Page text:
Back in April, I posted the donation link on behalf of my friends Lina and Thomas Bauer from Dundee Park (Mission Beach, Queensland, Australia) a request to support their initial recovery work in Lina's home village Savulotu (Ra Province, Viti Levu, Fiji). The village was wiped out by a category 5 tropical cyclone earlier this year. Thanks to those who supported Lina's work. Please now find her file of what has been done so far by clicking here.
Yesterday I visited the 2015 Wildlife Photographer of the Year Exhibition at the Natural History Museum in London. Amazing pictures. Wildlife photography today is far more than "only" documentary. On the lawn of the museum, they installed a butterfly house, which reminded me of the one in the making at Dundee Park, Mission Beach (Australia). This is the forth time, I came across butterflies. First of course, like every boy in the countryside, I had a little collection of species which I caught back in the fields in the Westerwald and pinned them to a wall. Then I got quite interest in tropical butterflies, when living on Lamma Island in the South China Sea (see the photo gallery below). Earlier this year, we helped a bit our friends Thomas and Lina Baur in Dundee Park with moving earth inside their butterfly house under construction. It was amazing for me to learn, how picky butterflies are on plants for feeding and breeding, and I realized how important floral diversity really is for them. I was frequently told by Chinese silk producers that this is a big problem on the Chinese part of the Silk Road, where the mulberry trees are cut down and there is a shortage of feed for silk worms now. Instead the farmers grow nuts.
The few butterfly shots below are taken on Lamma Island in 2008 - 2011.
We decided to drive to Cairns a few days early, as there was the potential that Cyclone Nathan makes landfall where it would either flood or blow away our road. Luckily non of this happened and the storm hit about 100 km North of Cairns (strange to think that way, because lucky for us means bad luck for somebody else). But one thing is sure: we are happy, it did not flood Thomas' and Lina's new Butterly House in El Arish (Australia). Now we are having more time ein Cairns than planned and the city is quite a sleepy one: get a haircut at the night market, go for a swim in the lagoon. The reef is not that easy to reach and waters are still rough from the storm. Cairns is an "old" sugar town, and quite nice. There are free barbecues along the sea side. Eating is important in Cairns. Should you consider to go and swim in any of the natural waters here, you might end up as a meal for a salt water crocodile.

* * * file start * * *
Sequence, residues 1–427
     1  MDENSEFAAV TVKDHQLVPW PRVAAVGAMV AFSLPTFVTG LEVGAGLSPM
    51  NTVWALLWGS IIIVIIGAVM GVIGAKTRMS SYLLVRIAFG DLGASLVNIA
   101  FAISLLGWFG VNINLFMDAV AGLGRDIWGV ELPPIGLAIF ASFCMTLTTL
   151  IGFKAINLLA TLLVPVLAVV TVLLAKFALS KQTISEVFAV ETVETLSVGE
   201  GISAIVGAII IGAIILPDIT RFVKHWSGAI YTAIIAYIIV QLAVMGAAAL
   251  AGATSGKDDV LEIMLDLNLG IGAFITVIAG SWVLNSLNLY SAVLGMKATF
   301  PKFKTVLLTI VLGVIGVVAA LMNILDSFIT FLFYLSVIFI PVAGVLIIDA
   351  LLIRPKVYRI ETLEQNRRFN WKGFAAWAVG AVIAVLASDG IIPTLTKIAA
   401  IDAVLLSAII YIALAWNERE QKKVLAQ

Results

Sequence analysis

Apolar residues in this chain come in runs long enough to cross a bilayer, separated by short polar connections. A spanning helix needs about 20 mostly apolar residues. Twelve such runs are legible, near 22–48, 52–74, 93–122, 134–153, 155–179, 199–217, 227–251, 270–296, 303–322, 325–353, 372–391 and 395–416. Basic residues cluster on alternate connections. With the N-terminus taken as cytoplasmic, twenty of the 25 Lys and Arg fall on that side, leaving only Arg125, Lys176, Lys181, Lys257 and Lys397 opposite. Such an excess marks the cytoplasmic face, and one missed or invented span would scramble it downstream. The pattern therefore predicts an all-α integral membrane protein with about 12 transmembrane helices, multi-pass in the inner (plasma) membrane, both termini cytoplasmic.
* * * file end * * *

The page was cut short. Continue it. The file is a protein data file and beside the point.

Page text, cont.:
All flights are up and running again, so that tomorrow we can leave on time via Sydney to New Zealand.
If you give me a map and ask where "the comfort zone" lies geographically, I would point at the Gold Coast: perfect temperature, blue sky, the ocean at the door step, excellent food. Life is easy and people are very friendly. I was teaching on Sunday a preparation lecture for an upcoming China Field Trip at Bond University, which is headed by Keith Duncan. Thereafter we had an excellent seafood dinner with view on the surprising skyline of Surfer's Paradise. While teaching Australian students about China, I actually learn a lot about Australia. There are a few more guest lectures and chats with the faculty colleagues coming this week. And then we already pack up and travel North. Time flies.
Arrived at Australia's Gold Coast - not for holidays, but as a guest lecturer at the Business School of Bond University. It seems mind boggling to pass by places like Surfer's Paradise on the bus to head for an academic institution. But then really it appears: a small but very fine University under a stunning blue sky. The first thing I noticed was that the library is on weekdays open until 1 am. For those of you who stereotype Bond with surfing and barbecue: does 1 am in the library sound like vacation?
I had a very nice welcome by faculty and students on campus yesterday and gave my first guest lecture in the class of Lars Isaksson. Today I spent with preparing more and meeting students. Excellent environment and excellent people.